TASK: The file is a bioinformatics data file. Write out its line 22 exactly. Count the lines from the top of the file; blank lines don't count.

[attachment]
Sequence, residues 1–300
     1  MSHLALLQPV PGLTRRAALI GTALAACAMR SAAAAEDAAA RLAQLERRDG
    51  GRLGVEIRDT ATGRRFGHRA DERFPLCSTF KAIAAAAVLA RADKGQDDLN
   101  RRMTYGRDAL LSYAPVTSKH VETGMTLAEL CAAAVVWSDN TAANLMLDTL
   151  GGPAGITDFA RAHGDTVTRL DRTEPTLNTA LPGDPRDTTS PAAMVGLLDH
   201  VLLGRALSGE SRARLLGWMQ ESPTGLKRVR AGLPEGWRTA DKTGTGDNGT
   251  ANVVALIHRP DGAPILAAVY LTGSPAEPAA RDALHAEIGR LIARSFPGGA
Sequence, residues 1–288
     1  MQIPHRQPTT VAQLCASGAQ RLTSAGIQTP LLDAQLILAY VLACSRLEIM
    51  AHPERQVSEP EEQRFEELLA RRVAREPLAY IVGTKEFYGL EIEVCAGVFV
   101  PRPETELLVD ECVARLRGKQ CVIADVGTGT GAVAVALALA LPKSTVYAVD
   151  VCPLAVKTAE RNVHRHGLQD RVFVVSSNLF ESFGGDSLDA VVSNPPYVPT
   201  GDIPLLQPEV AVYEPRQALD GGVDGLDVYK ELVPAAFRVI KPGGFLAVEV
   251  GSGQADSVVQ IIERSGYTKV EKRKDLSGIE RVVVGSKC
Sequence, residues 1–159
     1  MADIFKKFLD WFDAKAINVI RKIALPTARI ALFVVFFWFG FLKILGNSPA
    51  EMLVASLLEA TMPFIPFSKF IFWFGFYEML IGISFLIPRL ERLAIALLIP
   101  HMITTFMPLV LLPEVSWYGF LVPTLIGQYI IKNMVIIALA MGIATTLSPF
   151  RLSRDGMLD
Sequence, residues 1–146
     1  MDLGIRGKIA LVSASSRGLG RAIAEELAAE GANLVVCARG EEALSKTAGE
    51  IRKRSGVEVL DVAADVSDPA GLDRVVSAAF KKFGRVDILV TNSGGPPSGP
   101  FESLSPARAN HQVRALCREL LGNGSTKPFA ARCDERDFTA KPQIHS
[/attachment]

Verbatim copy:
    51  IRKRSGVEVL DVAADVSDPA GLDRVVSAAF KKFGRVDILV TNSGGPPSGP